High-tech brings rural towns back to life

Ten Sleep, Wyo., Fitzgerald, Ga., and others are now budding locales.

By , Staff writer of The Christian Science Monitor

Across the street from the Po' Boy Opry, Web designer Jannis Paulk, a "refugee" from Atlanta, is helping everyone from rural real estate agents to dog breeders expand their markets via the Internet.

"I'm a unique breed," says Ms. Paulk from her cluttered desk in the back of a downtown clothing consignment shop. It's a scene that offers a none-too-subtle symbol of the dot-com world merging with small-town Americana.

Paulk is among the high-tech pioneers who are helping locales including Fitzgerald become bright spots in rural America.

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"It's not just about historical preservation or farming, but also the Mayberry mentality – that ultimately people do enjoy these small towns," says Chad Adams, director of the Center for Local Innovation in Raleigh, N.C. "It's a golden opportunity for small-town America."

Three trends are fueling growth in some rural areas, says Bill Gillis, director of the Center to Bridge the Digital Divide in Spokane, Wash. Mobile dot-commers with "golden Rolodexes" are launching tech-based companies. Eco-fuel growth and rising corn prices are pumping money toward entrepreneurs in traditional breadbasket industries. And government investments in broadband and high-tech "incubators" (subsidized office space geared toward high-tech businesses) are allowing local economies to branch out beyond the cotton and corn fields.

In Winthrop, Wash., a 950-pop. town near the Canadian border, John Nelson launched HomeMovie.com and now employs more than 20 people cutting and storing home movies, all in the majestic shadows of the North Cascades.

With some help from a state-funded tech incubator, Matt Tice, a video-game programmer in New York, left the big city for the Smoky Mountains foothill town of Ellenboro, N.C., to start ARCHON Creative Design, a studio offering everything from game programming to comic book coloring.

Ten Sleep, Wyo., (pop. 350), is the world headquarters for Eleutian Technology, LLC, a company with 120 employees that uses Wyoming teachers to teach South Koreans how to speak English via videoconferencing.

Eleutian is an example of some of the more advanced start-ups, which are dependent on wandering careerists returning to their small-town, rural roots, according to Mr. Gillis.

The co-founders of Eleutian, who met in Seoul, both came from small towns in the West. "I get up in the morning and go pheasant hunting," says Brent Stanger, Eleutian's vice president of operations. "That's the kind of thing you can't do in the city."

The path to rural economic development, however, is paved with empty industrial parks and wasted public incentives.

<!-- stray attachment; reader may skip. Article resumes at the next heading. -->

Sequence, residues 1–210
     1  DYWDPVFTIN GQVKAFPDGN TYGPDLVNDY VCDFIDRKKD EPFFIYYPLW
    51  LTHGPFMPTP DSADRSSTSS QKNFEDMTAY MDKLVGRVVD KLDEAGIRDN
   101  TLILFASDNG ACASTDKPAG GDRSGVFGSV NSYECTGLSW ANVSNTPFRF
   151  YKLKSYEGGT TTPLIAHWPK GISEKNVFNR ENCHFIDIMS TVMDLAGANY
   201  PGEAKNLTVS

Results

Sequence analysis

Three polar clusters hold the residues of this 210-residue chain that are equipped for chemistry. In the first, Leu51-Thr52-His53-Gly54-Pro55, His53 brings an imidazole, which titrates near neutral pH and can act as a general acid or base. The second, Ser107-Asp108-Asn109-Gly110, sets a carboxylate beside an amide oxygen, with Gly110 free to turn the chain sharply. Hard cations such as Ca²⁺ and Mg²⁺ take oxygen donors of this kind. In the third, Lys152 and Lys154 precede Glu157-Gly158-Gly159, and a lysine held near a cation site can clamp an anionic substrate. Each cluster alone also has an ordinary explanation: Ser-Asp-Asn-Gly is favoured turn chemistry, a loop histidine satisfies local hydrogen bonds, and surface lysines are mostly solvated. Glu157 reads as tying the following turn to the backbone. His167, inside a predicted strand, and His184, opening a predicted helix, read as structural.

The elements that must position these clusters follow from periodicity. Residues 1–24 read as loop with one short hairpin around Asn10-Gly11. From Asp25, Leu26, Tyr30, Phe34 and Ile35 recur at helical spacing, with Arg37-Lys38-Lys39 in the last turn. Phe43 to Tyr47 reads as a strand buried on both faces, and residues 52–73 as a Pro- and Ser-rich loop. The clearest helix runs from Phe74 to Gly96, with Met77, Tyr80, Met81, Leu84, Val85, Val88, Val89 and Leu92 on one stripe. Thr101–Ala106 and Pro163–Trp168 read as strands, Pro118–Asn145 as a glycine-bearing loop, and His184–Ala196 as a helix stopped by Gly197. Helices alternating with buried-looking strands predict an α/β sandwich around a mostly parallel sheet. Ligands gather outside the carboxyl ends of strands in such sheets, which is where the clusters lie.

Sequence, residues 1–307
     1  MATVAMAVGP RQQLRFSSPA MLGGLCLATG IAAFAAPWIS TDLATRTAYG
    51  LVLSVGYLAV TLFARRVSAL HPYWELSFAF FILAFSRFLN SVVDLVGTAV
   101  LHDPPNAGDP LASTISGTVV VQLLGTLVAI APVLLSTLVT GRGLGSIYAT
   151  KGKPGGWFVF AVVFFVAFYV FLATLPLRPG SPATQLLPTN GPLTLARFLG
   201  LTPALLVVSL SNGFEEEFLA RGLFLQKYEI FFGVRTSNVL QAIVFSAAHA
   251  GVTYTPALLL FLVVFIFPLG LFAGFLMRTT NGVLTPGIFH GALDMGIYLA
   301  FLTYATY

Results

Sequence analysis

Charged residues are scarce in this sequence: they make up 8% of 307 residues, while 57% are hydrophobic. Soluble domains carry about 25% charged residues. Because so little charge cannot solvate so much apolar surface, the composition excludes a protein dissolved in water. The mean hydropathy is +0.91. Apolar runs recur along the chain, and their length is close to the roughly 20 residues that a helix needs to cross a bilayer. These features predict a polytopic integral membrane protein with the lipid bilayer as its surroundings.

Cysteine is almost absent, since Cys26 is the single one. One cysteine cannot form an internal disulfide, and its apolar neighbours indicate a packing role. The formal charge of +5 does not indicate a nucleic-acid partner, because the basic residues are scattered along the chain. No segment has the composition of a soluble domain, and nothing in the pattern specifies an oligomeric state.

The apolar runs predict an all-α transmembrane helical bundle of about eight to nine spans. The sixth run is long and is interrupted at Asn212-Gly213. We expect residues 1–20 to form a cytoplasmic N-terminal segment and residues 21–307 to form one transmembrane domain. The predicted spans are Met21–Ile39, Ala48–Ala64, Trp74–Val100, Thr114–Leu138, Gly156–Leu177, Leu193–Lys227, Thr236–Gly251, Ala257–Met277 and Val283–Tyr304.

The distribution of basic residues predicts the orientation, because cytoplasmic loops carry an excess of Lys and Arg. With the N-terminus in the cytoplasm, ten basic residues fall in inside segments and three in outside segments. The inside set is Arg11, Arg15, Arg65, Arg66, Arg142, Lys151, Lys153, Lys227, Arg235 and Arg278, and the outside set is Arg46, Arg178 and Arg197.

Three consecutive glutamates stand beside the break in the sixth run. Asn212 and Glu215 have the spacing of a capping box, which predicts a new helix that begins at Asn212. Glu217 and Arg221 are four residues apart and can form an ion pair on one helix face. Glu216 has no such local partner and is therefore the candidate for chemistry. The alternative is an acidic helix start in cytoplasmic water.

North Carolina faced heavy criticism last year from fiscal conservatives after it spent nearly $1 billion to bring a Google server farm employing only a few dozen people to a rural Tar Heel town.

Taxpayer-funded economic development schemes proved to be a major boondoggle in Roanoke Rapids, N.C., where the $21.5 million taxpayer-subsidized renovation of an old theater has largely been a bust, says Mr. Adams. Also in North Carolina, Global TransPark, a huge rural industrial park equipped with a runway for global reach, still has no tenants after years of marketing by the state.

"Too many people think that all you have to do is build an industrial park and they will come, and that's not true," says Gerald Thompson, who has been the mayor of Fitzgerald for 40 years.

Indeed, for a more realistic look at how rural America will fight back, Fitzgerald's journey holds some lessons. The town lost 14 of its 15 textile plants in the past decade. More recently, Georgia's $20 million investment to build a high-tech wing to East Central Technical College has helped the area flourish.

Still, the town of 12,000 is mostly known for the wild flocks of Burmese jungle fowl that peck at its brick streets. "This won't be Silicon Valley any time soon, and I wouldn't want it to be," says Paulk. "It'll remain a small, rural community, but I'm excited to see people using technology to find new ways to boost their revenues."

Eyeing a passing gravel train, old-timer Dubois White, a pest-control consultant, agrees that the town, located three hours from Atlanta, doesn't have a "world of restaurants" or other big-city amenities. But despite rural challenges, he says, "we keep an even keel, and even gain some."

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